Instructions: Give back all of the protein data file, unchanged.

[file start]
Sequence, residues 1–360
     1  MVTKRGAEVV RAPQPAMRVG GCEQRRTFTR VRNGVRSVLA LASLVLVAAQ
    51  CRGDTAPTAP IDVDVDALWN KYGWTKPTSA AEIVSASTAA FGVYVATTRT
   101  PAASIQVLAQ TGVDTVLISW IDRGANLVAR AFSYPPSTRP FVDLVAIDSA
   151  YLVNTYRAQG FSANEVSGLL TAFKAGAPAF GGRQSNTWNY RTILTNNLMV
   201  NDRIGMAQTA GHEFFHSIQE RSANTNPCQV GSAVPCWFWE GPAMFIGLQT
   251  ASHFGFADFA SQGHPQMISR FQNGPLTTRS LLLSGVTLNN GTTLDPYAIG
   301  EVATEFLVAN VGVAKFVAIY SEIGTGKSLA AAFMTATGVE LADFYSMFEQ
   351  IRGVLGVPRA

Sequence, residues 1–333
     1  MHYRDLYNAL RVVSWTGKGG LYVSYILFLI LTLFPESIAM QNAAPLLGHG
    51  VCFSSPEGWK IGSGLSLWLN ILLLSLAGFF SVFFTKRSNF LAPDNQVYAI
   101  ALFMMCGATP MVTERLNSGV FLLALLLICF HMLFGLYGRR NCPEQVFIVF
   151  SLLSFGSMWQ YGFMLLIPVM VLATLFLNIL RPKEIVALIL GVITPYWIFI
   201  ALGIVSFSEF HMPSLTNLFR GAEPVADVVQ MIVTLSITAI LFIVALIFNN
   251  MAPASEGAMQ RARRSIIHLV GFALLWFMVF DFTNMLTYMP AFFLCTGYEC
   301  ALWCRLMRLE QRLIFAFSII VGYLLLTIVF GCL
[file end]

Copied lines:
Sequence, residues 1–360
     1  MVTKRGAEVV RAPQPAMRVG GCEQRRTFTR VRNGVRSVLA LASLVLVAAQ
    51  CRGDTAPTAP IDVDVDALWN KYGWTKPTSA AEIVSASTAA FGVYVATTRT
   101  PAASIQVLAQ TGVDTVLISW IDRGANLVAR AFSYPPSTRP FVDLVAIDSA
   151  YLVNTYRAQG FSANEVSGLL TAFKAGAPAF GGRQSNTWNY RTILTNNLMV
   201  NDRIGMAQTA GHEFFHSIQE RSANTNPCQV GSAVPCWFWE GPAMFIGLQT
   251  ASHFGFADFA SQGHPQMISR FQNGPLTTRS LLLSGVTLNN GTTLDPYAIG
   301  EVATEFLVAN VGVAKFVAIY SEIGTGKSLA AAFMTATGVE LADFYSMFEQ
   351  IRGVLGVPRA

Sequence, residues 1–333
     1  MHYRDLYNAL RVVSWTGKGG LYVSYILFLI LTLFPESIAM QNAAPLLGHG
    51  VCFSSPEGWK IGSGLSLWLN ILLLSLAGFF SVFFTKRSNF LAPDNQVYAI
   101  ALFMMCGATP MVTERLNSGV FLLALLLICF HMLFGLYGRR NCPEQVFIVF
   151  SLLSFGSMWQ YGFMLLIPVM VLATLFLNIL RPKEIVALIL GVITPYWIFI
   201  ALGIVSFSEF HMPSLTNLFR GAEPVADVVQ MIVTLSITAI LFIVALIFNN
   251  MAPASEGAMQ RARRSIIHLV GFALLWFMVF DFTNMLTYMP AFFLCTGYEC
   301  ALWCRLMRLE QRLIFAFSII VGYLLLTIVF GCL